There is more than meets the eye when it comes to being a Field Worker. For example, did you know that they make an average of $12.85 an hour? That's $26,726 a year!
Between 2018 and 2028, the career is expected to grow 1% and produce 10,900 job opportunities across the U.S.
There are certain skills that many Field Workers have in order to accomplish their responsibilities. By taking a look through resumes, we were able to narrow down the most common skills for a person in this position. We discovered that a lot of resumes listed Dexterity, Listening skills and Physical strength.
If you're interested in becoming a Field Worker, one of the first things to consider is how much education you need. We've determined that 40.0% of Field Workers have a bachelor's degree. In terms of higher education levels, we found that 4.5% of Field Workers have master's degrees. Even though some Field Workers have a college degree, it's possible to become one with only a high school degree or GED.
Choosing the right major is always an important step when researching how to become a Field Worker. When we researched the most common majors for a Field Worker, we found that they most commonly earn Bachelor's Degree degrees or High School Diploma degrees. Other degrees that we often see on Field Worker resumes include Associate Degree degrees or Diploma degrees.
You may find that experience in other jobs will help you become a Field Worker. In fact, many Field Worker jobs require experience in a role such as Cashier. Meanwhile, many Field Workers also have previous career experience in roles such as Sales Associate or Volunteer.
Tell us your goals and we'll match you with the right jobs to get there.
Don't Have A Professional Resume?
In addition to switching up your job search, it might prove helpful to look at a career path for your specific job. Now, what's a career path you ask? Well, it's practically a map that shows how you might advance from one job title to another. Our career paths are especially detailed with salary changes. So, for example, if you started out with the role of Crew Member you might progress to a role such as Technician eventually. Later on in your career, you could end up with the title Account Manager.
Tell us your goals and we'll match you with the rights job to get there.
Use Zippia's Salary Calculator to see how your pay matches up.
Build a professional field worker resume in minutes. Browse through our resume examples to identify the best way to word your resume. Then choose from 12+ resume templates to create your field worker resume.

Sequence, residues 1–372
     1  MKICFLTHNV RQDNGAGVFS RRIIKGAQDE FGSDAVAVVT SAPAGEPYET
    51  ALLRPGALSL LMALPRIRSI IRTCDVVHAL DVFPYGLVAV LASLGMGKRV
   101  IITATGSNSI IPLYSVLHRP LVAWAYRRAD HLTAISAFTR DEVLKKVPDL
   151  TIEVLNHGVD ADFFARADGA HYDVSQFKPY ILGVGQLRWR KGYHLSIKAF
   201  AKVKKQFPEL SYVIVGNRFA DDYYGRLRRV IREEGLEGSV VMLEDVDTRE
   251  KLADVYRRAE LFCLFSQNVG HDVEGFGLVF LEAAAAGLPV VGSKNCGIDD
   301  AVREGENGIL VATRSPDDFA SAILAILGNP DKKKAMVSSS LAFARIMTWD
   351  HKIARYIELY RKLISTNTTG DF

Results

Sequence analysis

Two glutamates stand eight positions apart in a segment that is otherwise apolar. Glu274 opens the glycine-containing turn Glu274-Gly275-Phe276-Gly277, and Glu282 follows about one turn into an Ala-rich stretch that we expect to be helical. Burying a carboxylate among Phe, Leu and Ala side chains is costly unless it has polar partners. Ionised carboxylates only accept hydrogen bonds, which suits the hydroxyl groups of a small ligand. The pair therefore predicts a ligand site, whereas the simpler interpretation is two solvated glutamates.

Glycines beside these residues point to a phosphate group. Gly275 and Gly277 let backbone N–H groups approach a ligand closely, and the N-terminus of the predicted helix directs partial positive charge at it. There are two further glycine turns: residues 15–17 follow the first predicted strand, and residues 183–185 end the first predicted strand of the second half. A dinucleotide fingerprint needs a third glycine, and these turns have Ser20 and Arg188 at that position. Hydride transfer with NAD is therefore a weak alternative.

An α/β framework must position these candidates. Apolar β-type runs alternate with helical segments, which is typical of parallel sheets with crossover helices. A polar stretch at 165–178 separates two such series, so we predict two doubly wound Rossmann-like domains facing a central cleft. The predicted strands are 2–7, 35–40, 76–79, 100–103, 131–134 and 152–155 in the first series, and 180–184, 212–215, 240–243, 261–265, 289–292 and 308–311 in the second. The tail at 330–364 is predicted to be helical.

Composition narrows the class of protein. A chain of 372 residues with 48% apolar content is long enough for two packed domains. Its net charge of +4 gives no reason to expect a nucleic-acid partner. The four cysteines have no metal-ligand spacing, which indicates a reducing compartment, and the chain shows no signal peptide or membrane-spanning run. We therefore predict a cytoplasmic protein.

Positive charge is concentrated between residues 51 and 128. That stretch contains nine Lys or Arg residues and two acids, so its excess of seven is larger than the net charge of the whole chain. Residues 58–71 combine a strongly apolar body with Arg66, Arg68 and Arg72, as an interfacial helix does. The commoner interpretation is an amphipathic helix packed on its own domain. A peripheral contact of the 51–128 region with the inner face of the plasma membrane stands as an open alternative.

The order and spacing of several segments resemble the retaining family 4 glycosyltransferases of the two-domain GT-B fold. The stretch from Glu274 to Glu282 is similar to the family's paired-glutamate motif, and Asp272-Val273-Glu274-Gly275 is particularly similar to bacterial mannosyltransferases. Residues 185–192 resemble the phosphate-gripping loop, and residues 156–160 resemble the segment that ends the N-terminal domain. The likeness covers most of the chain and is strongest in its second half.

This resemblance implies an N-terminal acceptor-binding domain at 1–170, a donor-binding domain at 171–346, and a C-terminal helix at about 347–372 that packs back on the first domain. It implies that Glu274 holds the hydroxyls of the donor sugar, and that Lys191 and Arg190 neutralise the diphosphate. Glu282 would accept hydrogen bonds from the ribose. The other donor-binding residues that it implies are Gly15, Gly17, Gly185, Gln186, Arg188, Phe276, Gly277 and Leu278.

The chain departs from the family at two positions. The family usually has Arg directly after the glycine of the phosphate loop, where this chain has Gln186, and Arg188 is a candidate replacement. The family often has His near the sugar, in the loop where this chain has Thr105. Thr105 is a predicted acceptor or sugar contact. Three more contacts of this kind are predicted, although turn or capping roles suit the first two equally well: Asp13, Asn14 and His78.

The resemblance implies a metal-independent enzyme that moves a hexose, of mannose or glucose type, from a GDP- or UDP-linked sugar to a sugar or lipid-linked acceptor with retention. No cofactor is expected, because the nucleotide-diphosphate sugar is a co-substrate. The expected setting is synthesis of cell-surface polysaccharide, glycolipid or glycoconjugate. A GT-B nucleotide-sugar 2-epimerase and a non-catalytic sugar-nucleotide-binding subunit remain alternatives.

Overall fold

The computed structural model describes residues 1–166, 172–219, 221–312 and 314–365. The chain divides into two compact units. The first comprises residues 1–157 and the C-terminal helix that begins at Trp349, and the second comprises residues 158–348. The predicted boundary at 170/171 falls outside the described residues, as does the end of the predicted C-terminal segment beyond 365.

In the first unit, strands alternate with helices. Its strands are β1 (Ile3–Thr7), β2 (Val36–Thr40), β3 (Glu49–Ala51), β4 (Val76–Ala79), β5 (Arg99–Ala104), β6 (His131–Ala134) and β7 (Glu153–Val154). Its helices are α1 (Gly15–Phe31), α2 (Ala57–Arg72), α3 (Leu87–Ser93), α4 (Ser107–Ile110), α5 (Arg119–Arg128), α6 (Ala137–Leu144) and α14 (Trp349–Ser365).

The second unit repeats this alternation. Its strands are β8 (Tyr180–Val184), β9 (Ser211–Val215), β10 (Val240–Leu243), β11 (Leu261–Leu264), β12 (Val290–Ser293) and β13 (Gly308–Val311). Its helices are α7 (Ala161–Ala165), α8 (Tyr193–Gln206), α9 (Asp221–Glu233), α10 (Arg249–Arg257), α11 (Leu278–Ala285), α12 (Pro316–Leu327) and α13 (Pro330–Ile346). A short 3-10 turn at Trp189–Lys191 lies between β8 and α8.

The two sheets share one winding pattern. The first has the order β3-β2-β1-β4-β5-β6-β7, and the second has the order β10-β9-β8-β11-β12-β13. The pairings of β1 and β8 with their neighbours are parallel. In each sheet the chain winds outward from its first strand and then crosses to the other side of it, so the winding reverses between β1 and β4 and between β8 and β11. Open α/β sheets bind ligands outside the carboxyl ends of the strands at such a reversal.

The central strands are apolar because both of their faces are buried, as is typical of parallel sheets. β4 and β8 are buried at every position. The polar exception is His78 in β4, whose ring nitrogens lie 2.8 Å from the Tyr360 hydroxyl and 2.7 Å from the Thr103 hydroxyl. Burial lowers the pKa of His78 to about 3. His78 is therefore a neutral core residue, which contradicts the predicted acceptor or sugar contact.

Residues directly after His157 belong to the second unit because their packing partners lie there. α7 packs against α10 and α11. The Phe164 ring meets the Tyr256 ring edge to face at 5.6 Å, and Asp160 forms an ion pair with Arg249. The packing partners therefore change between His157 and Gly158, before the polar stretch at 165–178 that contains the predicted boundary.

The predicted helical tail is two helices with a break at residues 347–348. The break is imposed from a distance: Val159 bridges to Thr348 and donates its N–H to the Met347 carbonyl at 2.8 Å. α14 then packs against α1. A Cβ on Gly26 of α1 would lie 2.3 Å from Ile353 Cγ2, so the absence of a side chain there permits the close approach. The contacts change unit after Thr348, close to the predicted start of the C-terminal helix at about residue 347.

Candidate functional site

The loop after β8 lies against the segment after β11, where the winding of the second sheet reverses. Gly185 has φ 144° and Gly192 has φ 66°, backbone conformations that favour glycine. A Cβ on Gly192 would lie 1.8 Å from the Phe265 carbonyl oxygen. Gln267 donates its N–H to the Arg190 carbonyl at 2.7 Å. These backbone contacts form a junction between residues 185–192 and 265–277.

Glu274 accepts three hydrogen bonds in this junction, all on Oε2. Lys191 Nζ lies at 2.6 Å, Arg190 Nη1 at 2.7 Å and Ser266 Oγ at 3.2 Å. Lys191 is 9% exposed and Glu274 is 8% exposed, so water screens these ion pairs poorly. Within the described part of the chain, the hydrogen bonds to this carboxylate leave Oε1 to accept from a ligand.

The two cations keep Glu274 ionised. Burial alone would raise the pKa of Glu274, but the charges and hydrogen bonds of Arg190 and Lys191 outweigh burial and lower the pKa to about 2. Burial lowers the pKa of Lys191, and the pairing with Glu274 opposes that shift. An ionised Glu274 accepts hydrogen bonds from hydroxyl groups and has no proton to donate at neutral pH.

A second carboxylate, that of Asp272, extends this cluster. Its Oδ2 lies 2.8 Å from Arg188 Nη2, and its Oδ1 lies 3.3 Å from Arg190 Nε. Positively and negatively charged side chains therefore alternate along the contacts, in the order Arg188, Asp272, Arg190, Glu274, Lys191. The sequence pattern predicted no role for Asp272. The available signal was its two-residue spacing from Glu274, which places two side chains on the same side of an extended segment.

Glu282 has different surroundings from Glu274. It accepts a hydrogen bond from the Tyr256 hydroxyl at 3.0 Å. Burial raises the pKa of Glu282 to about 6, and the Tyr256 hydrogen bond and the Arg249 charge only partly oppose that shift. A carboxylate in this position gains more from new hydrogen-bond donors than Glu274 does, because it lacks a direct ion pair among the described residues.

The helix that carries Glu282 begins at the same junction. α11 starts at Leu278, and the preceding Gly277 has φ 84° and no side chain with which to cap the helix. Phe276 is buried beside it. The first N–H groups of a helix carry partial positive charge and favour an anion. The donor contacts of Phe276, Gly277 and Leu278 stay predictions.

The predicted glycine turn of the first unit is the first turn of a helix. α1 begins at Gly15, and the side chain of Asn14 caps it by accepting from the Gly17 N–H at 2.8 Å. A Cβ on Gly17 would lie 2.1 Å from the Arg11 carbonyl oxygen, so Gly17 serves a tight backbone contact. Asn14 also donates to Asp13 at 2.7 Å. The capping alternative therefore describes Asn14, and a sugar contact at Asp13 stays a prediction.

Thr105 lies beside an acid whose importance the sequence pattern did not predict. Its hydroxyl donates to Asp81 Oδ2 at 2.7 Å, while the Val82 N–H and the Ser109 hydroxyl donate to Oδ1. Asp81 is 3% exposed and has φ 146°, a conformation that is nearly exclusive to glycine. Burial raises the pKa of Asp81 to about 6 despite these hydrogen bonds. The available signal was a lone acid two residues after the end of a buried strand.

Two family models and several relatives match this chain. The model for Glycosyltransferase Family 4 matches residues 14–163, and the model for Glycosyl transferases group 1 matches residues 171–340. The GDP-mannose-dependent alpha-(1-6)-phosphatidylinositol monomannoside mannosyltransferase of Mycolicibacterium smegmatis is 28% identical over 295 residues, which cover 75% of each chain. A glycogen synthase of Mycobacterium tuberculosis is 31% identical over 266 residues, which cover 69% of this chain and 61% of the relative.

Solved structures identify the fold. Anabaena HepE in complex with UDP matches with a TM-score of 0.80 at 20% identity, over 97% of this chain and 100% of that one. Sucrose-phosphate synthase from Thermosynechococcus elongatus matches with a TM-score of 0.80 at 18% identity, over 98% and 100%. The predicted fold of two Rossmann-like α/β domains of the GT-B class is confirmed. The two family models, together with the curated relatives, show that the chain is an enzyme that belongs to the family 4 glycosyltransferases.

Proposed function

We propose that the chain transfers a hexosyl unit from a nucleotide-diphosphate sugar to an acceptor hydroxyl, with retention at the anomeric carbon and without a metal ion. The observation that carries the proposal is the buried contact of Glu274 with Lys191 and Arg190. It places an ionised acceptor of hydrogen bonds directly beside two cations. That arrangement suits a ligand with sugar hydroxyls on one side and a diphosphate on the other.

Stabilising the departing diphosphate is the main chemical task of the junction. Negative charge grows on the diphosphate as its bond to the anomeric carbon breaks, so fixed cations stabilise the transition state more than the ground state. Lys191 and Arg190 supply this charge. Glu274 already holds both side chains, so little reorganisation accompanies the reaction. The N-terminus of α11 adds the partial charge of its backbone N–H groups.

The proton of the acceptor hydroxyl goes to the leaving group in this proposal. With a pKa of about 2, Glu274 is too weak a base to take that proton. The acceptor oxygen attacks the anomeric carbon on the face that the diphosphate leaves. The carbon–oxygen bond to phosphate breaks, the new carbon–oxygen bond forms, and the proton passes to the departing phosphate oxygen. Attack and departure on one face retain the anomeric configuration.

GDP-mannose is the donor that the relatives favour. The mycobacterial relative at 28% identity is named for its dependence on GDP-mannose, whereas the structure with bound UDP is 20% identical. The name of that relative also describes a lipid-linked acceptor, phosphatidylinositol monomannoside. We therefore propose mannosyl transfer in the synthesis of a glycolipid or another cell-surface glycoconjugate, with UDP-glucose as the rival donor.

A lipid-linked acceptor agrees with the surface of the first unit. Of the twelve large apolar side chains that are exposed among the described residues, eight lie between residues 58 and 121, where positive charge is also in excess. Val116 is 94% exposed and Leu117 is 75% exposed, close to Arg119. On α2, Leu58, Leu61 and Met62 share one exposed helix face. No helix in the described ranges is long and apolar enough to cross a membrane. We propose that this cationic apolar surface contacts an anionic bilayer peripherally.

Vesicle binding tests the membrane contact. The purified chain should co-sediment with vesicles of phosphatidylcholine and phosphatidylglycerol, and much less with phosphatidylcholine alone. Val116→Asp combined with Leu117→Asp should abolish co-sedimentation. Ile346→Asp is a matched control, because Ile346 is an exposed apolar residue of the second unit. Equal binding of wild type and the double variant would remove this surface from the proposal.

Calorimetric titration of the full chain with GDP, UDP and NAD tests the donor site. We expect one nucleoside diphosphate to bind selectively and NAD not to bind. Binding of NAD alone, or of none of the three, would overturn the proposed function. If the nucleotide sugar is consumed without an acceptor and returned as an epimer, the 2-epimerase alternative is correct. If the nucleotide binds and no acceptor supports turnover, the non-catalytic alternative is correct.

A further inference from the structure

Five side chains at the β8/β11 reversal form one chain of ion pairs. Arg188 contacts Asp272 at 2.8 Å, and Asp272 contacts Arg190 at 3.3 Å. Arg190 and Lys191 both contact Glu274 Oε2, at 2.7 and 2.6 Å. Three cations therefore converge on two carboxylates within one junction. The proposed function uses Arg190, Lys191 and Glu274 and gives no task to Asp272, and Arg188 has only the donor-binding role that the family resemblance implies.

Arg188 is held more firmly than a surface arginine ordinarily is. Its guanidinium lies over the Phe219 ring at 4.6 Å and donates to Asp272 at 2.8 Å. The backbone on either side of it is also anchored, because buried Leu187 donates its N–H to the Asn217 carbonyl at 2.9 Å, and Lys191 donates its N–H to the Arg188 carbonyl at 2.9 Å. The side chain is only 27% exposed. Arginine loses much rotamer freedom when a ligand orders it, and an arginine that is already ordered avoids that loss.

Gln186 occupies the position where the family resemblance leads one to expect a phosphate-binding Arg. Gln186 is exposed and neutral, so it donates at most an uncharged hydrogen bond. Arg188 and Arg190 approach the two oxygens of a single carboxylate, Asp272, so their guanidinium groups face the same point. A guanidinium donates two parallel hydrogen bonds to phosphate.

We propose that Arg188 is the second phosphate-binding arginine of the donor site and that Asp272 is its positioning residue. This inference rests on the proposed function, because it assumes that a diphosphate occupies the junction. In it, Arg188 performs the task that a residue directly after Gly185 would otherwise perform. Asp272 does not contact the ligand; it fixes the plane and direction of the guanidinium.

Field Worker2018 - Present
Rice Field Worker2008 - 2018
Lifeguard/Swim Instructor2003 - 2008
High School Diploma 2003 - 2003
Learn How To Write a Field Worker Resume
At Zippia, we went through countless Field Worker resumes and compiled some information about how to optimize them. Here are some suggestions based on what we found, divided by the individual sections of the resume itself.View Field Worker Resume Examples And Templates
Zippia allows you to choose from different easy-to-use Field Worker templates, and provides you with expert advice. Using the templates, you can rest assured that the structure and format of your Field Worker resume is top notch. Choose a template with the colors, fonts & text sizes that are appropriate for your industry.
After extensive research and analysis, Zippia's data science team found that:
Find the best Field Worker job for you
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The skills section on your resume can be almost as important as the experience section, so you want it to be an accurate portrayal of what you can do. Luckily, we've found all of the skills you'll need so even if you don't have these skills yet, you know what you need to work on. Out of all the resumes we looked through, 13.3% of Field Workers listed Safety Rules on their resume, but soft skills such as Dexterity and Listening skills are important as well.
Some places are better than others when it comes to starting a career as a Field Worker. The best states for people in this position are Hawaii, Maine, Vermont, and Nebraska. Field Workers make the most in Hawaii with an average salary of $35,073. Whereas in Maine and Vermont, they would average $34,095 and $34,077, respectively. While Field Workers would only make an average of $33,266 in Nebraska, you would still make more there than in the rest of the country. We determined these as the best states based on job availability and pay. By finding the median salary, cost of living, and using the Bureau of Labor Statistics' Location Quotient, we narrowed down our list of states to these four.
1. North Dakota
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